4. We are using the pacifier mainly when Jax is so upset he can’t stand himself (ie: during changes and being strapped into the car seat!) He has gone down for naps with it, but usually spits it out once he falls asleep. My sister had her pacifier until she was 3 years old, and while it didn’t impact her speech or cause any dental problems, my parents told her if she gave it up they would adopt a kitten for her. The pacifier was handed over then and there and she never went back. I think every child is different, for example, my brother only sucked his thumb and would not take a pacifier at all, and I was a combination of both and ended up sucking my thumb until I was 10. Honestly I think that thumb-sucking could be more detrimental orthodontically than a pacifier, especially when carried on past infancy.

  5. My boys both use a dummy and it was a godsend when they were little. Now they only use it at night when they fall asleep. The hardest part was having to do the dummy run in the night when they lost their dummies. I was up and down easily 8-10 time a night. Now if it falls out they dont wake up. Their dummies are on dummy holders and only M will put his dummy back in his mouth while he sleeps. L sucks his as he falls asleep and once it falls out he will sleep without it.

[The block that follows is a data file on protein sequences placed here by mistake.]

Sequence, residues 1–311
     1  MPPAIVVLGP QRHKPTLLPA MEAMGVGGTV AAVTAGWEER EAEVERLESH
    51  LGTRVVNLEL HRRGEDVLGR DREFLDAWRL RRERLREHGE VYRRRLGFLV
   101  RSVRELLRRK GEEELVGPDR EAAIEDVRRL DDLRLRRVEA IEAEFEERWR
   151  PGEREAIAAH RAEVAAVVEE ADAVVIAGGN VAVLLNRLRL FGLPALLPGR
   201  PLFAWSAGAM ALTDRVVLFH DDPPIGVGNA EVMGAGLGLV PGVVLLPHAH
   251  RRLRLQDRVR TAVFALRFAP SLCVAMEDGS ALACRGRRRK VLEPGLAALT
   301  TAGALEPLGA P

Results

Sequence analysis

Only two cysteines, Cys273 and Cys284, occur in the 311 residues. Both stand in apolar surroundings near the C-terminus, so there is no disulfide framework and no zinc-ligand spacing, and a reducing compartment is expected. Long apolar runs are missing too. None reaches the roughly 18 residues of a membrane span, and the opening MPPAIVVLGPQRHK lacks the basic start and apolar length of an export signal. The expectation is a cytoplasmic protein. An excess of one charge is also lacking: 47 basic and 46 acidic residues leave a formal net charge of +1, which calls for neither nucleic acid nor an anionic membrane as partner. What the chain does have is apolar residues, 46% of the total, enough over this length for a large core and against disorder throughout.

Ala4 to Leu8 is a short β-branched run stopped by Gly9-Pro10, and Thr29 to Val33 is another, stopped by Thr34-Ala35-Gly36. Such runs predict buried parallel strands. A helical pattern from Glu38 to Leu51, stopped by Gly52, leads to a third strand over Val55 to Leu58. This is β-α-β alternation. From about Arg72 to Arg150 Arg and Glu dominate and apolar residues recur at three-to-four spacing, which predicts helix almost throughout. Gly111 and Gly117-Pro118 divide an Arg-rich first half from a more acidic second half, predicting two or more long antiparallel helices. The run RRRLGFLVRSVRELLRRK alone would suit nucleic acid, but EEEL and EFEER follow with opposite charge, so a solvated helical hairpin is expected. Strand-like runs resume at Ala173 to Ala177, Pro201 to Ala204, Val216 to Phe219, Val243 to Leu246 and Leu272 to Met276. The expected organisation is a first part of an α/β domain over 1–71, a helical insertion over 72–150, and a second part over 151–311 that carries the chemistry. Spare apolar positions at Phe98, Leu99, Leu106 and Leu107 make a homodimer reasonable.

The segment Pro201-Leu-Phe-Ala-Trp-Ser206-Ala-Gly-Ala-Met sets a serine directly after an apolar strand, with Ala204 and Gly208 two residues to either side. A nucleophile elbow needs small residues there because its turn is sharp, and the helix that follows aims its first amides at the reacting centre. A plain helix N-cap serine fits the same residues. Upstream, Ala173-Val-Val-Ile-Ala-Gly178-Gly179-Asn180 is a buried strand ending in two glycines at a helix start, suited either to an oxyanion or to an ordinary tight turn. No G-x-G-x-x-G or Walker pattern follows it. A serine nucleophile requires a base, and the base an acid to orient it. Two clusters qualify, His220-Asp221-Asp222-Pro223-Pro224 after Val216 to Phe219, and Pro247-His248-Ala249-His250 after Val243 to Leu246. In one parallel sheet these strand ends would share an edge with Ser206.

I think the teeth issue is more to do with babies who constantly have a dummy in their mouth day and night.

  6. I was highly against using them as well. And then we actually had babies. Who cried. Nonstop. And would not sleep. Ever. And would get themselves so worked up and red and crazed I thought they might explode. And every night we would walk around bouncing them with one of our fingers in their mouths while they happily sucked away. Finally, we caved. Oh sweet peace. Your photo says it all. Some kids need to suck more than others, but we are ALL born with a natural reflex to suck and soothe ourselves. We were lucky that ours sort of self-weaned by 6 months. Hard to predict. I say, do it.

  7. I tried to get our babies to use pacifiers and they do sometimes but now that they have discovered their hands they just suck on their own hands / thumbs (often actually preferring that over the pacifier). I used a pacifier until I was 3 years old (maybe older) and I’m fine – no overbite or speech problems. I know other kids who used them for a while with no issue. I say use what works and figure it out later… I didn’t want our babies to suck their thumbs but if it works then whatever. Especially with twins, you’ve got to figure out how to soothe them as quickly and easily as possible – no time for gently rocking every time someone is fussy!!